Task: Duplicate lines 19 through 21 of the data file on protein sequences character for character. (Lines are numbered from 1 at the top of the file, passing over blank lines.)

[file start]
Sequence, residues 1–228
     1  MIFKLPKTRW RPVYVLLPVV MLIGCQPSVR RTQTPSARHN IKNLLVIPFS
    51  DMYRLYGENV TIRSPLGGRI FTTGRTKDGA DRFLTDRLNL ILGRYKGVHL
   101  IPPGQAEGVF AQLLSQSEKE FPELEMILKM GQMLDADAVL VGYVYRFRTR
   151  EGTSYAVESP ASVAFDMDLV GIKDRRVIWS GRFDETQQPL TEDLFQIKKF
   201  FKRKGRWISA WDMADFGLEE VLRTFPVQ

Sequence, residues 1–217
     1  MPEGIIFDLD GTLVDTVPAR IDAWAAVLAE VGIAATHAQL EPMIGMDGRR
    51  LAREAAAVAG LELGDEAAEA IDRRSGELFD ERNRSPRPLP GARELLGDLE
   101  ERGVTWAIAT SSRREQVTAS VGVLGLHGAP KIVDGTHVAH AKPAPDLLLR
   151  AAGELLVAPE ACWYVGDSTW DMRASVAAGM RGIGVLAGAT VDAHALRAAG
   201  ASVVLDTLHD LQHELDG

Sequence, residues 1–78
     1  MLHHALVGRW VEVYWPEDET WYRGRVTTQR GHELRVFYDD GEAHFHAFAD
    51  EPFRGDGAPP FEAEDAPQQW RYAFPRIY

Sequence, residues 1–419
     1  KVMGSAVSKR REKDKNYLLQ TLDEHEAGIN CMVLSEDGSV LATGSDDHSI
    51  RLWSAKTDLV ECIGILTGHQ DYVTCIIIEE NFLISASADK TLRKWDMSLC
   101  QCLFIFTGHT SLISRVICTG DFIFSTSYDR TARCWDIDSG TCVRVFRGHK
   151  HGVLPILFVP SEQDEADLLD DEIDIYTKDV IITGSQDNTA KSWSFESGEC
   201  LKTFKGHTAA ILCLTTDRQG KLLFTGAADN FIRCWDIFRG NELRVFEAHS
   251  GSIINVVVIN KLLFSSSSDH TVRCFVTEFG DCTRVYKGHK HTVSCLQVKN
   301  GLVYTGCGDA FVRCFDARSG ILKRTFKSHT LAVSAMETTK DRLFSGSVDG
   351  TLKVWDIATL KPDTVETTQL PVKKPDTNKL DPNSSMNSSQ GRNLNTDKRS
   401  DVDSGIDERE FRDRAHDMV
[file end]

   101  QCLFIFTGHT SLISRVICTG DFIFSTSYDR TARCWDIDSG TCVRVFRGHK
   151  HGVLPILFVP SEQDEADLLD DEIDIYTKDV IITGSQDNTA KSWSFESGEC
   201  LKTFKGHTAA ILCLTTDRQG KLLFTGAADN FIRCWDIFRG NELRVFEAHS